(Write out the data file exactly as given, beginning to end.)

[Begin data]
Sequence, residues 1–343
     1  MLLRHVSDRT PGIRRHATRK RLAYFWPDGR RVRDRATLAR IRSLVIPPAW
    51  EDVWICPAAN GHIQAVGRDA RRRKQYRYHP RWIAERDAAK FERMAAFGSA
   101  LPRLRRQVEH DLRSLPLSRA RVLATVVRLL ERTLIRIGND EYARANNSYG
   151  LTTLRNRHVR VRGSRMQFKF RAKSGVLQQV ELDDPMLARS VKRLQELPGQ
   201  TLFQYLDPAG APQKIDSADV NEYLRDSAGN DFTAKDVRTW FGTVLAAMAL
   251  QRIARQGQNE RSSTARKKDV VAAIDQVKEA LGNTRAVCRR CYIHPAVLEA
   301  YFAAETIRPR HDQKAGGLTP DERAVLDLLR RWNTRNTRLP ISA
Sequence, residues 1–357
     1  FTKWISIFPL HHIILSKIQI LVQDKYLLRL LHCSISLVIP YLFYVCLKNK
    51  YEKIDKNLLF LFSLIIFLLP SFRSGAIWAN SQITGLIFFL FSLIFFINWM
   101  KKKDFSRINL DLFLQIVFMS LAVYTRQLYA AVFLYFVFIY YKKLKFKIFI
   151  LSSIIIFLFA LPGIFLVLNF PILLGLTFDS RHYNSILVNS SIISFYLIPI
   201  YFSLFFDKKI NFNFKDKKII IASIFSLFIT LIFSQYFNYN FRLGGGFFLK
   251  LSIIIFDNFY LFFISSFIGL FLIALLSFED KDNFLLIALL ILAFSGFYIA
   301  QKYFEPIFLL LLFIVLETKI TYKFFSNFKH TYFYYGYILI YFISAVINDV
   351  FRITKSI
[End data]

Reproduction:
Sequence, residues 1–343
     1  MLLRHVSDRT PGIRRHATRK RLAYFWPDGR RVRDRATLAR IRSLVIPPAW
    51  EDVWICPAAN GHIQAVGRDA RRRKQYRYHP RWIAERDAAK FERMAAFGSA
   101  LPRLRRQVEH DLRSLPLSRA RVLATVVRLL ERTLIRIGND EYARANNSYG
   151  LTTLRNRHVR VRGSRMQFKF RAKSGVLQQV ELDDPMLARS VKRLQELPGQ
   201  TLFQYLDPAG APQKIDSADV NEYLRDSAGN DFTAKDVRTW FGTVLAAMAL
   251  QRIARQGQNE RSSTARKKDV VAAIDQVKEA LGNTRAVCRR CYIHPAVLEA
   301  YFAAETIRPR HDQKAGGLTP DERAVLDLLR RWNTRNTRLP ISA
Sequence, residues 1–357
     1  FTKWISIFPL HHIILSKIQI LVQDKYLLRL LHCSISLVIP YLFYVCLKNK
    51  YEKIDKNLLF LFSLIIFLLP SFRSGAIWAN SQITGLIFFL FSLIFFINWM
   101  KKKDFSRINL DLFLQIVFMS LAVYTRQLYA AVFLYFVFIY YKKLKFKIFI
   151  LSSIIIFLFA LPGIFLVLNF PILLGLTFDS RHYNSILVNS SIISFYLIPI
   201  YFSLFFDKKI NFNFKDKKII IASIFSLFIT LIFSQYFNYN FRLGGGFFLK
   251  LSIIIFDNFY LFFISSFIGL FLIALLSFED KDNFLLIALL ILAFSGFYIA
   301  QKYFEPIFLL LLFIVLETKI TYKFFSNFKH TYFYYGYILI YFISAVINDV
   351  FRITKSI